Sam Leith writes:
Telegraph | Opinion: What we wanted was something writhing and multi-tentacled; something mysteriously mottled, its skin semi-translucent and its surface slimy; something at home in the other element. We wanted to see some creature from HP Lovecraft with a vast, unblinking eye surge up out at us from the abyssal dark. And this week, thanks to the efforts of a pair of Japanese scientists, we got a glimpse.
The squid-hunters had tried all sorts of ways of getting the shot. They had even strapped cameras to the foreheads of sperm whales, in the hope that, you know, the whales would get hungry and amble down to the bathyspheric depths of the ocean in search of a giant squid, and then they'd have a fight with the squid live on TV, and that would be even more cool. This was possibly not how they expressed it in their application for funding, though it should have been. In the end, it took a baited line 450 fathoms long somewhere in the Pacific, and a good deal of patience. Then it came: a 35ft beast engulfing the bait, writhing like mad, and finally whooshing off back into the dark, leaving behind a single piece of tentacle, hooked on the line and continuing to wriggle.
Why does this make us so excited? What good, you might reasonably ask, does it do the world to spend all this time and effort trying to find something that plainly doesn't want to be found? Giant squids mind their own business. They are shy, choosing to live in the very deep dark ocean, and perhaps painfully self-conscious about their vast size, like a teenage girl who puts on an adolescent spurt of growth a year before everyone else in her class. The feelings of the squid in this matter are not considered. They've been hanging out down there for millions of years, and have never bothered us. They do not represent a threat, having neither opposable thumbs nor any use for the parts of the world we prefer to live in. They like the wet bits. We like the dry bits.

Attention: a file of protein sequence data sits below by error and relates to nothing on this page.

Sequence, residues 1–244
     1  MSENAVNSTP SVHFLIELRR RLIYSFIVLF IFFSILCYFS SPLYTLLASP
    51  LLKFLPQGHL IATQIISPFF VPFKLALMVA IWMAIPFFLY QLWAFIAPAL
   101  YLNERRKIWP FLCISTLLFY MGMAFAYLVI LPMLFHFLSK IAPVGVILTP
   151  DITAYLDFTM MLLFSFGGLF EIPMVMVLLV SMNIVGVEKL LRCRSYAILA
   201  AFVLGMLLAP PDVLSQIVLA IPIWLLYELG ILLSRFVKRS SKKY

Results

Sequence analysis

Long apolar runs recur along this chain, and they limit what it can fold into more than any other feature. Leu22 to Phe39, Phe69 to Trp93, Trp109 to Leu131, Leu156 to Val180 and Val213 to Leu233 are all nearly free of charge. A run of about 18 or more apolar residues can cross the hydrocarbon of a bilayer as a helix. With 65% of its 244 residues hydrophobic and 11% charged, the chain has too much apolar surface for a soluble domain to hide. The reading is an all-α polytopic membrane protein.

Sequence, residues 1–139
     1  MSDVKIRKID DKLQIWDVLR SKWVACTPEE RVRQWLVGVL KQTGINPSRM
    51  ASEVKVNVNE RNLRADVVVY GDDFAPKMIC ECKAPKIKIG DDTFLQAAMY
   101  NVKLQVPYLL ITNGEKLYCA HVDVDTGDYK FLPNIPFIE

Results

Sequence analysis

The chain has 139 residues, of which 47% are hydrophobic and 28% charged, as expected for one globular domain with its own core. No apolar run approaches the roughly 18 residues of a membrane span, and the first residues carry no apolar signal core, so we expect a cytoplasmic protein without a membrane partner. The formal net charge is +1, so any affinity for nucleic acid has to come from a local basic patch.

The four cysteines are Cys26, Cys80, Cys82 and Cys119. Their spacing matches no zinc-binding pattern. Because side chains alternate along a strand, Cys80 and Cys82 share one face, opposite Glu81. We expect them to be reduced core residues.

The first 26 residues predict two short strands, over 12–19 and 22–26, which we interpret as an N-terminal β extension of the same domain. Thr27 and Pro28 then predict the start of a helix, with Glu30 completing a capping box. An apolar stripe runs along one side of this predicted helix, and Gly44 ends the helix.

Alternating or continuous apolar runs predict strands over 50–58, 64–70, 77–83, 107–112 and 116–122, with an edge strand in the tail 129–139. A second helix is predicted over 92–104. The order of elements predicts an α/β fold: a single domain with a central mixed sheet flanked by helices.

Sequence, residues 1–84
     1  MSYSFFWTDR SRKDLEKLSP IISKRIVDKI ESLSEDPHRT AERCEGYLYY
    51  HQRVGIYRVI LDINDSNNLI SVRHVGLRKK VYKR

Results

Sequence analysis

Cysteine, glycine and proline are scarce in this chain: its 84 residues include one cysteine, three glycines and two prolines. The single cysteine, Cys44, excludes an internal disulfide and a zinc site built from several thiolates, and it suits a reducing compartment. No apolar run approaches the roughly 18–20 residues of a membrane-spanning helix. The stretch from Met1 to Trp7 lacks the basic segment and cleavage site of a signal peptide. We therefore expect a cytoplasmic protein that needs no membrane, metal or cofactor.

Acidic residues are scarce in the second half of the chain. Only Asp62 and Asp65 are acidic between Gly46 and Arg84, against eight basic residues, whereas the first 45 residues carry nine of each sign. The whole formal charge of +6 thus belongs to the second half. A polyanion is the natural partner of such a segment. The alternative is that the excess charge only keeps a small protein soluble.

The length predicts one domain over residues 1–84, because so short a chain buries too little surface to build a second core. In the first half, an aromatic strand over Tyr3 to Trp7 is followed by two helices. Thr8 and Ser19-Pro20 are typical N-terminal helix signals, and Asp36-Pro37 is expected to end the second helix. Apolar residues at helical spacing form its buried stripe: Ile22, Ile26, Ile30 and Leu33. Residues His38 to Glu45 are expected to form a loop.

Nor are there palpable material benefits for us. They are hardly going to provide a miracle food source. They are fiendishly hard to catch, as we have established, and once caught are no good to man or beast. Their buoyancy equipment requires them to be filled with ammonia, so as well as being rubbery and butt-ugly, they taste of pee. Nevertheless, I don't think it a waste of money to be trying to find giant squid - any more than I think it a waste of money for us to investigate outer space. It not only satisfies scientific curiosity; it nourishes the sense of wonder.
That sense is at its most acute halfway between superstition and science. If something mysterious is known, held up to sight and understood - if it can occupy a bright gallery in the Natural History Museum - it has joined the community of facts. It retires to the suburbs of some taxonomical catalogue. But if it is a rumour, a conjecture, just on the brink of being confirmed, it becomes intoxicatingly liminal: half myth, half reality. That's the big striptease: the one tentacle left on the hook like an elbow-length glove. The squid shows up, vamps a bit in the green light of science and disappears, like one of Forbidden Planet's "creatures from the Id", back into folklore...